Posts Tagged ‘mother mary’

Why Mary wears a saree?


St Mary’s festival is one Catholic festival that keeps Christians rooted to their non Christian-roots.

The most special thing about St Mary’s feast is that it has nothing to do with cakes, pine trees or creatures from a foreign land. It is one Catholic festival that keeps Christians rooted to their non Christian-roots.

Perhaps, there’s something about Mary that lets people change her and adapt her to suit local ways.  While she replaces Goddess Athena in Europe, she wears a saree to substitute Devi Amman for the Tamils in Bangalore. Towards India’s West coast and parts of Karnataka her birthday is celebrated as a harvest festival.


The image of Mary at St Mary’s Basilica in Bangalore. Pic by Ramesh H S 


I have lived in three different parts of Karnataka, and noticed that each region adds its own flavour to the feast of Nativity of Mary.


I grew up in the coastal town of Karwar. When I was little I waited for the feast, for it gave kids permission to run around in the paddy fields and pluck flowers from wild plants.


Here, just like in Bangalore, the festivities began from August 31st, nine days before the actual feast. The evenings preceding September 8th were marked with prayers in the church. But for the children, the preparations for the evening prayers would begin early in the morning.


Before we left for school, we went around fields and empty plots looking for flowers, and sometimes snooped around others’ gardens to steal flowers. Those with roses in their gardens had to be up earlier to ward off the tiny thieves.


After decorating our plates with the collected flowers and sprinkling some water on it, we left for school. In the evening in the church it was more about competition — of peeping into others’ plates to see what flowers they had got. After the prayers, the kids flocked around Mary’s statue to shower the flowers on her, while the elders sang a Konkani song in the background. The hymn too had very native lyrics like: “Tomorrow, where will we find these sevantige (chrysanthemum) and aboli (crossandra) flowers.”


pic courtesy:


On the final day, dressed in our finest, we went for the special prayers in the morning. Mary’s statue was taken in a procession from the church to a paddy field, where the service was conducted. The largest field in my village belonged to a Hindu. He graciously allowed the congregation to assemble there every year to celebrate the harvest festival.


People thanked Mary for the crop and prayed for a better yield next year. The new corn was blessed and stalks distributed to each member gathered there. The grains were then put into the ‘payasam’ prepared that day. The meal was non-vegetarian.


Bereft of the knowledge that someone in Rome had decided the day of September 8th, we believed our grandmother’s tale that when Mary was born, the harvest was sumptuous and the land was filled with flowers, and that is why the day was chosen. The local Hindus too celebrated their harvest festival around the same time, some days after Krishna Janmashtami.


I later learnt that in the 15th century, the Portuguese converted the Hindus in Goa to Christianity. They then continued to persecute the native converts, for even minor lapses. Many of the new converts then escaped to neighbouring Karnataka, but retained their language, Konkani. These converted Christians missed the Hindu festivals and traditions. So, they clubbed the Hindu traditions with Christian festivals.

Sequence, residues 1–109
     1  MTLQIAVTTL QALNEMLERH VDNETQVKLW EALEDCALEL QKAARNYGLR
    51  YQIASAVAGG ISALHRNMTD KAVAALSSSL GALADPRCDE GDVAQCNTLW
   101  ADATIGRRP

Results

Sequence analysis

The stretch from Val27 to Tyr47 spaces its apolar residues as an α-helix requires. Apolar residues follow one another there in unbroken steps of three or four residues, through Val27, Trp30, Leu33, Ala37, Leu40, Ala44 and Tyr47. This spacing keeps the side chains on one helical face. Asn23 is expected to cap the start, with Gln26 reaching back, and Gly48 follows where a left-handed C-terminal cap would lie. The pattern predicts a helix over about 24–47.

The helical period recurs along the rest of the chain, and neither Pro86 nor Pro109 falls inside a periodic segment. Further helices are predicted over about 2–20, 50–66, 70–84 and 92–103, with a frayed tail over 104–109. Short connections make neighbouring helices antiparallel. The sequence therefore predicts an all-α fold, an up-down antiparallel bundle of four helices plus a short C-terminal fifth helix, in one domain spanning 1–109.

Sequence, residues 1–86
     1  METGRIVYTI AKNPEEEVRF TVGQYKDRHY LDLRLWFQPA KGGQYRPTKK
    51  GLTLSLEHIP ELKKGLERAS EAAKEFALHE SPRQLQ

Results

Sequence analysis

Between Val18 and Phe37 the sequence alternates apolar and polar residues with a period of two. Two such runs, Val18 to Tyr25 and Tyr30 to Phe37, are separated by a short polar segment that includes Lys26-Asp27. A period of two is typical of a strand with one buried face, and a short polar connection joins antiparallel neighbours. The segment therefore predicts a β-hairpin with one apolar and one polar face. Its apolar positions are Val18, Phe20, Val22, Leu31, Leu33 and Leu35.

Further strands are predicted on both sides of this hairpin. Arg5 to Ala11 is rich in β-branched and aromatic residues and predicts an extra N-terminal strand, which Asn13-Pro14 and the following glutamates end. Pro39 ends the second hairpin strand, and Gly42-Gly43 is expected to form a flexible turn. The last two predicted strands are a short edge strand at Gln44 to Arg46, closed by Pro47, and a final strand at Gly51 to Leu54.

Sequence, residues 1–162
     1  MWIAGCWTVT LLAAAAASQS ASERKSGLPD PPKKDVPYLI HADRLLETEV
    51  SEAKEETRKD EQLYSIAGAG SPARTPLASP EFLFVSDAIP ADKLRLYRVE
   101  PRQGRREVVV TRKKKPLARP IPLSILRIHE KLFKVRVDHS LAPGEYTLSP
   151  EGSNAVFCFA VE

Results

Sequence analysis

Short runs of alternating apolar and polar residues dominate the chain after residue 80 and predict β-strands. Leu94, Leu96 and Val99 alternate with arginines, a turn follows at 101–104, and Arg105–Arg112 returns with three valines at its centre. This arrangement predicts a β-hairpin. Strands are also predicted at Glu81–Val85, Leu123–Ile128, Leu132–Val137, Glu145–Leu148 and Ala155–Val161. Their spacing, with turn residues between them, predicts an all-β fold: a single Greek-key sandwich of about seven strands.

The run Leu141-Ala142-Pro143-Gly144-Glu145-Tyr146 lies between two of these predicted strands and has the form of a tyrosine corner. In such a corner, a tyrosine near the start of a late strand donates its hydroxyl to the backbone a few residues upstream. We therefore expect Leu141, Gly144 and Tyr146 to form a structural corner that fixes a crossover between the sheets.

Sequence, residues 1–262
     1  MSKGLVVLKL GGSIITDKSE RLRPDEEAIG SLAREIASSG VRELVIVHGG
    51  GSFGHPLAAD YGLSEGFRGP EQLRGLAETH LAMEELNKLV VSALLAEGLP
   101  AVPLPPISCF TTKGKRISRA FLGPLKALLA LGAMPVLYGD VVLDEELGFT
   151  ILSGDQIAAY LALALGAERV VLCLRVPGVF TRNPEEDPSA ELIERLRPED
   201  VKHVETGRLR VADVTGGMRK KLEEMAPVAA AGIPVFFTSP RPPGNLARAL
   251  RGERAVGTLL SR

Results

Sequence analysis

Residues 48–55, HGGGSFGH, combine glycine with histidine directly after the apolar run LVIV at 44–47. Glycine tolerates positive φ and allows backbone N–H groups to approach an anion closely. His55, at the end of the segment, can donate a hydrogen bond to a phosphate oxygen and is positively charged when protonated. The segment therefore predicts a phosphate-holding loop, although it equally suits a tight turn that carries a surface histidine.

When I moved to Mangalore for my studies, I noticed that the festival was much grander here. All the Christian schools and colleges declared it a holiday. The kids showered flowers here too and the new corn was blessed. There was just one difference. Here the feast cooked was all vegetarian, with families strictly not eating or cooking anything non-veg that day.


The feast mass in progress at a church in Mangalore. pic courtesy:


Perhaps because of its proximity to Kerala, the Mangalorean meal is more like Onam Sadhya, with an odd number of vegetables. That is, the number of vegetables cooked were three, seven or eleven. The Konkani speaking Catholics carried on this tradition wherever they went.


The harvest festival is celebrated in Bangalore too, wherever there is a population from Karnataka’s coastal region. When I moved to Bangalore, I was surprised to see Mary in a silk saree and not in the usual white and blue robe. These days she wears a fancy embroidered saree with sequins too. People here gift sarees to the church and bookings for the day the saree is to be draped, is done in advance. Sometimes the dates are booked for over a year. This practice is akin to gifting sarees for the local goddesses in temples. The Dravidians have Devi Amman or other local deities. After their conversion to Christianity, Mary took the goddess’ place.


The history of St Mary’s Basilica goes back to the 17th century when people from Tamil Nadu came to Bangalore. They found the land fertile and began sowing paddy. The rice is said to be very white. So the place (present Shivajinagar) came to be known as ‘Billi Akki Palli,’ which translates into the village of white rice.


The Tamil Christians built a thatched roof and called it the Chapel of ‘Kannikai Matha.’ Later in the 18th century the construction of the church began, but the structure was pulled down during communal riots in 1832. After some years when a plague hit, people flocked to the church to pray. It is believed that the plague vanished from the vicinity of the church. The people began to call Mary ‘Annai Arokiamarie,’ or Our Lady of Good Health. The church was rebuilt in 1882 and consecrated on 8th September that year.  From then on the feast is a huge affair in Shivajinagar with a grand car procession in the evening.

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